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  • Canby Christian Church

House of Cards

by Pastor Aaron Adame


You have probably seen those people who can balance a deck of cards stacked up on each other (maybe you are one of those people). It is really quite miraculous when you think about how light and flimsy cards are, along with a paper-thin surface area. Because of this, in order for the feat to work, the environment around the cards needs to be perfect—no breeze, a level surface, and no shaking or bumps.


I have thought of this as an illustration to life on this earth. If there is anything we have learned over the last several weeks it’s this: life and our lifestyle is incredibly fragile. Even the smallest bump or breeze can send the whole house tumbling down—particularly if you are building your life on sandy soil and with cheap materials.


My daughters love to play Jenga—they also love to pester each other. If one stacks up the Jenga pieces, the other will come and knock it down. You can imagine what happens next—fights, screaming, utter hysteria! That’s what happens when your precious yet fragile house of cards comes falling down.


In this world, people without Christ are like people building a house of cards. It’s beautiful when it’s created, but it’s fragile. And what do they do when their house of cards is threatened? Hysteria! People will do anything to preserve the illusion of control and safety. Even our rights are no guarantee.


My heart goes out to the millions of people who are weathering this storm without any hope or comfort in Christ. My heart goes out because I also was once there—and you probably were too.


When I first HEARD the gospel, the day before Thanksgiving 2004, I remember the pastor saying [paraphrase], “We as Christians have so much to be thankful for because we have Christ. Even if you are struggling this holiday season, you should be filled with thanksgiving. But if you are here today and you don’t know Christ, at the end of the day you have nothing really to be thankful for. Even if you have everything you could want at the moment, you are still without.”


When the pastor said this, my life flashed before me of all the things I was putting my worth and happiness in. And to be honest, it was a house of cards. I had everything a secular guy could want at 20 years old. Yet in that moment, I realized that I could lose it all that night. My truck, my job, my health, my friends, my lifestyle… it all was a house of cards. One little breeze or bump and it could all be gone—and then what? All that I had put my worth and happiness in would be gone, and I’d be ruined.


But then I realized through this gospel message, that if I had Christ, I could lose it all and it wouldn’t matter! I’d have CHRIST, and He’s all I need or could ever want. That night, I trusted Christ as my only Lord and Savior. I discovered His love for me, a wretched sinner, when I considered His cross and resurrection. That He knew all the things I had done and still chose to give His life in my place—let that truth sink in for a moment! I was a sinner in need of a Savior. I was empty, and He fulfilled. I was lost, and He found me.


Ironically, eventually I did lose it all. My boss laid me off because I became a Christian. My girlfriend dumped me. My friends were gone. I had to move back home (that might have been the lowest point—haha). All that was left was my health. But what I had lost didn’t compare to what I had gained. Truth and life in a relationship with the triune God!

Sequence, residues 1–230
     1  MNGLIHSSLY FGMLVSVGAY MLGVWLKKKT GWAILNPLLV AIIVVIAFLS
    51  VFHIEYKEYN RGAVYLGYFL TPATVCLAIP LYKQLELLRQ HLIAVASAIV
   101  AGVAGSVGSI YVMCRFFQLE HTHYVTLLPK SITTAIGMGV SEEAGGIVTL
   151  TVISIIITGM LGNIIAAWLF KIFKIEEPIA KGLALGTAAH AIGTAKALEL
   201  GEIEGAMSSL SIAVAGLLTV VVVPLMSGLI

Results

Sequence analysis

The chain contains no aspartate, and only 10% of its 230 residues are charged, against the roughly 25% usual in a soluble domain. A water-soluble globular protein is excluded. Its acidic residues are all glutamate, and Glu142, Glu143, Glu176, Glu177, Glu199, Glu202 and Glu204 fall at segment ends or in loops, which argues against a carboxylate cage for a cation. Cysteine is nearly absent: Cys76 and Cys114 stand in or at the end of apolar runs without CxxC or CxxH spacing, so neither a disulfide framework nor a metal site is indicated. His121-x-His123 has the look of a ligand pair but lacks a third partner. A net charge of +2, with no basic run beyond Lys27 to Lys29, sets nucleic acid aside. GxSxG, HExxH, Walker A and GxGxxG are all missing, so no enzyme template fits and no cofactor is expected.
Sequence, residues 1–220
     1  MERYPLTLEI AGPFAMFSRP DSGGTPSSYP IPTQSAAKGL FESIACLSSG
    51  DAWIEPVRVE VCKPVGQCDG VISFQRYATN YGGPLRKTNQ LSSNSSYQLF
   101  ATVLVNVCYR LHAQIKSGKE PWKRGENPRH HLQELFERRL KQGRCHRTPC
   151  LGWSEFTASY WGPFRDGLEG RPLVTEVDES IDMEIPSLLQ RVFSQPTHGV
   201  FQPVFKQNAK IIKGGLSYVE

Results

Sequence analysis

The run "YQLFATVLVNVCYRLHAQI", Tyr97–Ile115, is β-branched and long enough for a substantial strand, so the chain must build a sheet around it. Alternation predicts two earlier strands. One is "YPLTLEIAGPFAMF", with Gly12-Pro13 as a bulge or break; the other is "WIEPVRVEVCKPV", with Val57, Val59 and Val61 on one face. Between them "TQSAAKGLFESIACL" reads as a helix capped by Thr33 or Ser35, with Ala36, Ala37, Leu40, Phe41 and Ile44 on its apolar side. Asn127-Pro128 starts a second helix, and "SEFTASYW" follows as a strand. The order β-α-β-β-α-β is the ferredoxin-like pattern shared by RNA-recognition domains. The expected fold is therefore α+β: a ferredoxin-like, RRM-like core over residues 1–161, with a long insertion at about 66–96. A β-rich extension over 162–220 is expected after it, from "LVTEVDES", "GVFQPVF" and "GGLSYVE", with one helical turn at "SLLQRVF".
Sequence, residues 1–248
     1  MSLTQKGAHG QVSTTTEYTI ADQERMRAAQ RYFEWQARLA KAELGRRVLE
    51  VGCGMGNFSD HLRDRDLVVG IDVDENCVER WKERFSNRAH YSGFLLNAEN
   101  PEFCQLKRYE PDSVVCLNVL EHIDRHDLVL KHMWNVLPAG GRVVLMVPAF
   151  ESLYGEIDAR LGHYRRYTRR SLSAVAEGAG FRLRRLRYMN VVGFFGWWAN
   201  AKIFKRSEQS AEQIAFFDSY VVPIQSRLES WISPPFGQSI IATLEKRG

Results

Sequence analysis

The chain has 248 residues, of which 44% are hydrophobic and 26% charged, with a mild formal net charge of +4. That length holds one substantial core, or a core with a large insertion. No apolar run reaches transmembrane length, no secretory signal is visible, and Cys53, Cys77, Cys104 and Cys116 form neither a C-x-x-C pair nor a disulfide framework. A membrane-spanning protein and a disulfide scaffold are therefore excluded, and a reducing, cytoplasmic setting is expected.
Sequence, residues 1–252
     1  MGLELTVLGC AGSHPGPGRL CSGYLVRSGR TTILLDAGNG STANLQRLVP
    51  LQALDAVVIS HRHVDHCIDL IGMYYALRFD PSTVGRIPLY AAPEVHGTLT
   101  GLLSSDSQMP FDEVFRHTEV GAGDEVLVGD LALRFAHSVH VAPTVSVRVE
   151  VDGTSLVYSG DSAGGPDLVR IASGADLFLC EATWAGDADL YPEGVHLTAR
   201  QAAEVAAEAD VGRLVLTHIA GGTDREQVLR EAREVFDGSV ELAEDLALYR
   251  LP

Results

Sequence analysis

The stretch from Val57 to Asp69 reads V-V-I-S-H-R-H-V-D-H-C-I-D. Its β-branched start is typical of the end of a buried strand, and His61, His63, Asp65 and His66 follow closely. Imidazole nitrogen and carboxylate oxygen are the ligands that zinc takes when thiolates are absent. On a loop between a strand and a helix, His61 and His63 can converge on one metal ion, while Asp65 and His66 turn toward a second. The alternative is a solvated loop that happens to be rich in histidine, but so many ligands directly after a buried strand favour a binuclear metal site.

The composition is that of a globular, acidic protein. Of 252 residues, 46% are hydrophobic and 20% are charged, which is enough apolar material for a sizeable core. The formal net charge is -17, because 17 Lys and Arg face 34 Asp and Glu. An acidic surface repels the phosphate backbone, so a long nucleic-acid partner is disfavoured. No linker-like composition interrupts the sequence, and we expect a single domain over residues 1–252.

I resonate with Paul’s sentiment in Philippians, “Indeed, I count everything as loss because of the surpassing worth of knowing Christ Jesus my Lord. For his sake I have suffered the loss of all things and count them as rubbish, in order that I may gain Christ” (Philippians 3:8 ESV). Paul had had enough of religion and running with the social elites. Paul was tired of the feeling that if only he could work a little harder, God would be okay with him. When Jesus found him on the road to Damascus (Acts 9), Paul realized that He was everything he never knew he always wanted.


I also resonate with the parable Jesus told in Matthew 13:

“The kingdom of heaven is like treasure hidden in a field, which a man found and covered up. Then in his joy he goes and sells all that he has and buys that field. Again, the kingdom of heaven is like a merchant in search of fine pearls, who, on finding one pearl of great value, went and sold all that he had and bought it” (Matthew 13:44–46 ESV).


When a person discovers Christ, everything else just seems inadequate. What once pacified or numbed the emptiness inside is instantly not enough. That house of cards you keep trying to hold together—despite all the forces at work against it—is suddenly a heap on the floor… and you don’t even care.


Friends, what are you finding your worth and happiness in? What are you finding your strength and hope in? It is in times like the ones we are living in that this question becomes all too real. It is only when the house of cards we’ve been playing with and preserving is blown to pieces that we are actually able to see life for what it is, see ourselves for who we truly are, and see Christ for who He truly is!


I’ll end with the words of Jesus recorded in the Sermon on the Mount:

“Everyone then who hears these words of mine and does them will be like a wise man who built his house on the rock. And the rain fell, and the floods came, and the winds blew and beat on that house, but it did not fall, because it had been founded on the rock. And everyone who hears these words of mine and does not do them will be like a foolish man who built his house on the sand. And the rain fell, and the floods came, and the winds blew and beat against that house, and it fell, and great was the fall of it” (Mt 7:24–27 ESV).

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